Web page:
Catherine Zeta-Jones hopes admission that she has bipolar disorder helps others

"This is a disorder that affects millions of people and I am one of them. If my revelation of having Bipolar II has encouraged one person to seek help, then it is worth it. There is no need to suffer silently and there is no shame in seeking help," says Oscar-winning actress Catherine Zeta-Jones about her condition.


Catherine Zeta-Jones hopes her confession that she has Bipolar II disorder will help other sufferers of the illness.

The 41-year-old actress revealed earlier this month that she was being treated for the condition—also known as manic depression—and she hopes that her decision to go public with her struggle will help other people.

In a statement released to this week’s People magazine, she said: "This is a disorder that affects millions of people and I am one of them.

"If my revelation of having Bipolar II has encouraged one person to seek help, then it is worth it.

"There is no need to suffer silently and there is no shame in seeking help."

Earlier in April, Catherine was treated for five days at the Silver Hill Hospital in New Canaan, Connecticut. It is believed that the mental illness was triggered by the stress of her husband Michael Douglas battling throat cancer.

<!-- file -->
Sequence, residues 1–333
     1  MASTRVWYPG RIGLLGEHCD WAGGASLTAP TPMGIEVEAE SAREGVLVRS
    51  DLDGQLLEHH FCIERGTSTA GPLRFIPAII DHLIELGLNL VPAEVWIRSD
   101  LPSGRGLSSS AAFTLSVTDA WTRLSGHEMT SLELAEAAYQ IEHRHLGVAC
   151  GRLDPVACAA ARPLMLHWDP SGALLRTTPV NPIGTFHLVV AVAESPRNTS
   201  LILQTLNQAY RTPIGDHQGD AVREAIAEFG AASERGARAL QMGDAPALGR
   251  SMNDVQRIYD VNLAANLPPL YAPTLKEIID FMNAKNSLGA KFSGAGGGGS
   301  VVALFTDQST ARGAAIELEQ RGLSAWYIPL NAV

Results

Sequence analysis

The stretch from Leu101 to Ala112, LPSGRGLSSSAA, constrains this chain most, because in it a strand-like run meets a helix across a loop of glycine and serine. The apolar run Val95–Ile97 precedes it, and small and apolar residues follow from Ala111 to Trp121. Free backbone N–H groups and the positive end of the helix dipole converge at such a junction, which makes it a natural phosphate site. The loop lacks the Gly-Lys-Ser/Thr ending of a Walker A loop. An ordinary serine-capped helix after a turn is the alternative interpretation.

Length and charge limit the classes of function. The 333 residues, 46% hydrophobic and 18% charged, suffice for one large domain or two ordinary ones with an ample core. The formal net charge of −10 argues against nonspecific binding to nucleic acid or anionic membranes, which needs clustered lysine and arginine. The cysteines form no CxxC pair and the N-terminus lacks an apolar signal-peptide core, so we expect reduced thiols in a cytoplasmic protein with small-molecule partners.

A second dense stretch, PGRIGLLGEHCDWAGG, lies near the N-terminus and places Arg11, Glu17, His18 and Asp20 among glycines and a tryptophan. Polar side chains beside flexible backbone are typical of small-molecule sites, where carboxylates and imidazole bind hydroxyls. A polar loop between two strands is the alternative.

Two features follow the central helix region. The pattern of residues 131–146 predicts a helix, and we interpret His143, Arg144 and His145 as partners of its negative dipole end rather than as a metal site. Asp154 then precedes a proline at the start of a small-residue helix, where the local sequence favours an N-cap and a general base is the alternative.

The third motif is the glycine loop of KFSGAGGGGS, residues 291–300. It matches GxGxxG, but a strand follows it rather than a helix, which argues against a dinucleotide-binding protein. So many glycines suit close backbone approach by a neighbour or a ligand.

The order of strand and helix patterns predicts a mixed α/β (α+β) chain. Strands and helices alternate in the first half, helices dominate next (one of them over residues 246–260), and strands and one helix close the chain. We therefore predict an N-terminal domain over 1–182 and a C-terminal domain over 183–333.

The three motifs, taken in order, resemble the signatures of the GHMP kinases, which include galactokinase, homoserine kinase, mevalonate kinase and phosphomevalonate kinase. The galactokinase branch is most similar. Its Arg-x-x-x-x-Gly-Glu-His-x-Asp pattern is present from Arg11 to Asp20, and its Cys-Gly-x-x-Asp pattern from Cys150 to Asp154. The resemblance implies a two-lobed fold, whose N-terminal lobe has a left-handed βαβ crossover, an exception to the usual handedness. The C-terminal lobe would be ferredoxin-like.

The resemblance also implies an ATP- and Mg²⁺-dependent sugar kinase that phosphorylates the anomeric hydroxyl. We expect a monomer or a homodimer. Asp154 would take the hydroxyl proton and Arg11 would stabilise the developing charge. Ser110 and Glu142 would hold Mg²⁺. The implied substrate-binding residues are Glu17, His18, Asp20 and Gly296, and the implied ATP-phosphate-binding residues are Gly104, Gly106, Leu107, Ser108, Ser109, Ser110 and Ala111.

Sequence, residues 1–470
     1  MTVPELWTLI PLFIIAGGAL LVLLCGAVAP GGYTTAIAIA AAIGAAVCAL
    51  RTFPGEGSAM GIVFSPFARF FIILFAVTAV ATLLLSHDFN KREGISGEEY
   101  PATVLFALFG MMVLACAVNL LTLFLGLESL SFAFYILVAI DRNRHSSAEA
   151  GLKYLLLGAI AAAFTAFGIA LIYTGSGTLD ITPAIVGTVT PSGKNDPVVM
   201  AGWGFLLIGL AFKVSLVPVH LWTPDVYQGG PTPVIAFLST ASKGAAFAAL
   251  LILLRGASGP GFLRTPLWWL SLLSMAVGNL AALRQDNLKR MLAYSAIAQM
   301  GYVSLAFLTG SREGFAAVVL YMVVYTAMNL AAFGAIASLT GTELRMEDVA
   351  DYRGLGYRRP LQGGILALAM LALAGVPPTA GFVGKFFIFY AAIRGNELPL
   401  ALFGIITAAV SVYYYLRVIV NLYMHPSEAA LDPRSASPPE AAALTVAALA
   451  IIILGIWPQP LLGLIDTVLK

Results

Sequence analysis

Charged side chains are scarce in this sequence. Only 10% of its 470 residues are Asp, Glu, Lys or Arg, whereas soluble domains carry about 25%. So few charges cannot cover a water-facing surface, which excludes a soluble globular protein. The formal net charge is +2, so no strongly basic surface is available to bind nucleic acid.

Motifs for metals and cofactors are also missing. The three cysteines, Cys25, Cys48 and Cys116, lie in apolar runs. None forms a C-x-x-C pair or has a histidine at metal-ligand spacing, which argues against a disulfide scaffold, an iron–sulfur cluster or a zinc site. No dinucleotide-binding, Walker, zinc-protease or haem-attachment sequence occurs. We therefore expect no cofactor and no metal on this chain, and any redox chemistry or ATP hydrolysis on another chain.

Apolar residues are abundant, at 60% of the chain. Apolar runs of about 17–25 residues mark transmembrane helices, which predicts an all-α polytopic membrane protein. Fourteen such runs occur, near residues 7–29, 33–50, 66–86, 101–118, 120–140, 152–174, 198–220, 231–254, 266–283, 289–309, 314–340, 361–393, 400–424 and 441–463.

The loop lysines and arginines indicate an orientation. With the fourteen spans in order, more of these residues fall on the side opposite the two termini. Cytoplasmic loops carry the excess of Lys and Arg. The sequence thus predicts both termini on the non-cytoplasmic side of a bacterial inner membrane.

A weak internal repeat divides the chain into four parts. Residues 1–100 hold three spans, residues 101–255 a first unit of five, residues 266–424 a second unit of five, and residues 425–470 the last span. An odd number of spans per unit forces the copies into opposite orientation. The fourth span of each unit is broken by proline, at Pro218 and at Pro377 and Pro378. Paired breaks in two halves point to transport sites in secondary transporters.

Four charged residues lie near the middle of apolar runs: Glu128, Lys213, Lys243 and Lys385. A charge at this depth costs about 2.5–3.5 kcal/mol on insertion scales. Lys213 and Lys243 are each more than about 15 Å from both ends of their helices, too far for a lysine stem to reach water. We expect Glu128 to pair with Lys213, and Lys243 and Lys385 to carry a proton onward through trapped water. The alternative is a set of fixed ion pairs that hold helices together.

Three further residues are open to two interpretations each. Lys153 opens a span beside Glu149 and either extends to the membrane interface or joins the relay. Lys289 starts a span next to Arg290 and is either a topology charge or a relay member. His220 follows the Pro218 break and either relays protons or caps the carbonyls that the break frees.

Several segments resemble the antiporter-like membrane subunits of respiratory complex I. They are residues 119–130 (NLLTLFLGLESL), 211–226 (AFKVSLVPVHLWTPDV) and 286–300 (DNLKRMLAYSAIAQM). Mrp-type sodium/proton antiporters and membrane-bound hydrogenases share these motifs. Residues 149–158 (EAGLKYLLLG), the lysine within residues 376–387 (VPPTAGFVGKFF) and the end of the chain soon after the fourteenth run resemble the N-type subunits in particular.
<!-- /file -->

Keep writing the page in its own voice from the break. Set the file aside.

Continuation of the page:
Although the 66-year-old actor was given the all-clear in January, the Chicago star—who has two children, son Dylan, 10, and daughter Carys, eight, with Michael—was still experiencing the effects of depression.

She made the decision to seek help before shooting started on her new film, Playing the Field.

A friend of the Oscar winner said: "The simple things would just seem overwhelming, like going out to dinner.

"There was just a little piece of her chipped away.

"It was hard to watch because I knew how hard she was trying."

Bipolar disorder is a mental illness where sufferers have elevated or irritable moods alternating with periods of depression. They swing from being productive to being unproductive, from being social creatures to being insular. Bipolar II is marked by longer mood swings and more severe depression, and can be triggered by major life changes.


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